THE LIBERTARIAN ENTERPRISE
Number 557, February 14, 2010
"The path of agorism is not easy."
Conspiracy Movie Reviews for the week of Feb 14, 2010
Attribute to The Libertarian Enterprise
Zeitgeist Addendum Time 1:59
Part III is where the film goes horribly wrong. The main feature is a discussion of the "Venus Project", a utopian Marxist wet dream where money and business are abolished and presumably a governing body styled after Plato's Republic would benevolently distribute resources and technology to bring about a Star Trek™ style heaven on earth. "Social engineers" such as Jacque Fresco display their profound ignorance of human nature and true free market economic theory, which they confuse with the mercantilist economic system we are saddled with today. Although Fresco is perceptive enough to notice that America is close to a fascist system, he clearly doesn't understand that a free market determined price is the only fair and equitable way for human beings to assess relative value and allocate resources. Left unsaid in the film is just how the enlightened and anointed few will make those economic decisions for the benefit of the masses.
One might suggest these dream weavers read Ludwig von Mises Human Action. But people such as these are change agents. They do not deal in facts, but in manipulating people through emotion. They hide their radical left statist beliefs behind the clever euphemism "Progressive". They are the true vanguard of the elite that they pretend to be against. They present us with the false choice of a New World Order built around the fascist American empire model or the socialist European model centered around the UN. Never discussed is the third option of a truly free human society, as envisioned in many of the science fiction novels of L. Neil Smith. The film attacks corporations and the monetary system as the root of the problem, but these are in reality the rotten appendages of the Frankenstein monster we call government. Our only true hope of escaping this modern system of slavery is if humanity ever recognizes the immorality of bestowing a legal monopoly on the initiation of force to a chosen few. The Venus Project does not solve this fundamental error in the human condition.
Part IV is mostly about the need to change paradigms. Some of the controversial discussion of religion from the first film is revisited in this part, but here the film goes a step further and promotes New Age beliefs as a substitute. The conclusion offers several solutions to the present system. Most of the ideas are pretty reasonable, with the exception of more promotion for their utopian Venus Project and a "Zeitgeist Movement".
How does one rate a film like this? There is so much good
information, and yet it is used as bait to lure viewers into supporting
yet another system of top down social management. True freedom will be
found in a society organized horizontally, not vertically. While excerpts
from the film can be very effective tools to educate people, the general
message of the film is harmful to the cause of freedom. It elevates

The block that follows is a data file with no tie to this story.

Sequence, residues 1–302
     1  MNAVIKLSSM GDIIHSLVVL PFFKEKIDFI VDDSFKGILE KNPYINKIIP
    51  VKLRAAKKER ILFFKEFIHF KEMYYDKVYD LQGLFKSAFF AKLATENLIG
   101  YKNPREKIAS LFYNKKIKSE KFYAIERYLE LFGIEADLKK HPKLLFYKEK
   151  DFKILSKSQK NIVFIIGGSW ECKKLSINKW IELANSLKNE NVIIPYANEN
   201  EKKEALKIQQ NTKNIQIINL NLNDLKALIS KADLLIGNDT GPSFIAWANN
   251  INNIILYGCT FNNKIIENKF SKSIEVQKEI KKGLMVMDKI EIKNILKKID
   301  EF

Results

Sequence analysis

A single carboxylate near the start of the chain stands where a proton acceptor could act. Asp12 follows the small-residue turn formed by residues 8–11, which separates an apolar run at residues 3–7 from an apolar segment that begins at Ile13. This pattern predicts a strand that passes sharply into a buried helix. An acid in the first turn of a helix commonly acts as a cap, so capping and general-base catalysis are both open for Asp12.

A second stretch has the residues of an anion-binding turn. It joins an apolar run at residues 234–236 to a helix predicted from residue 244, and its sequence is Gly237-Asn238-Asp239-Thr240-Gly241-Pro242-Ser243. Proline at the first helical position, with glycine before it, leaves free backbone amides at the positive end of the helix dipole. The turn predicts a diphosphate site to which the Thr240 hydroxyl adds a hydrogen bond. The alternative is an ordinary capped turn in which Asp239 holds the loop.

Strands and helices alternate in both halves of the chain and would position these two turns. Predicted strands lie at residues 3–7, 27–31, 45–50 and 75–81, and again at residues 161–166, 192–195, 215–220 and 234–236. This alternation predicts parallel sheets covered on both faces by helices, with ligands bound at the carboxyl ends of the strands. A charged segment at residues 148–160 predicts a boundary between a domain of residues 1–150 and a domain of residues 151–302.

technology to a god-like status that, once released from a monetary system,
will magically provide for all of society's physical needs. It resorts
to thoroughly discredited leftist canards to reach its flawed conclusions.
To wit, the so-called Venus Project sounds like a modern repackaging of
the old communist mantra: "From each according to his ability, to each
according to his need." This film is a bitter disappointment, and only
the marvelous first half of the film saves it from a "one star" rating.
The Calling Time 1:06
Having said that, the production quality and soundtrack
are top-notch. It probably puts the pieces of the puzzle together
as well as any film out there. There are summaries of the Illuminati
power structure and their history, the CIA, the banking system, and the
the false War on Terror. The sections on Codex
Alimentarius and Mind Control are superb. The concluding segment
is the only entirely new material, but I found it somewhat trite.
It was not as compelling as the original summary section of The Big
Picture, but that is partly because it was apparently written as a
bridge to his follow-up film The Awakening. My inner cynic
found the folksy musical ending anti-climatic and agonizing to sit through.
My advice is to turn off the DVD player five minutes before the end and
you have a great film.
The Awakening Time 1:05
The film is visually spectacular, with sparkling computer graphics, abstract projections, avant garde film techniques and the occasional naughty bit thrown in for grins. A few of the graphics such as the electric yoga figure get repetitious, other graphics remind you of the scenes in Kubrick's 2001 A Space Odyssey, when Bowman peers into the monolith near the end of the film. Peppered throughout are Dees' political illustrations, many of which are featured prominently on the website www.rense.com. They all center on various aspects of the elite's attack on humanity with his trademark grim humor.
Quite fascinating are the discussions on possible advanced
ancient civilizations and the theories regarding energy channeling in pyramids
and other geometric structures built many millennia ago. The druidic
origins of the meaning of the word "Hollywood" is a real eye-opener.
There is a great deal to contemplate in this film. But the purpose
of these movie reviews is to identify films that clearly identify our political
and economic problems and deal in conventional solutions that are based
in the physical reality most of us are familiar with. There are undoubtedly
spiritual aspects to this battle for freedom. This simple minded old curmudgeon
will leave those issues for greater minds to contemplate. The
Awakening is an entertaining and potentially enlightening film, but
I can't enthusiastically recommend it as a film to awaken your relatives,
friends and neighbors.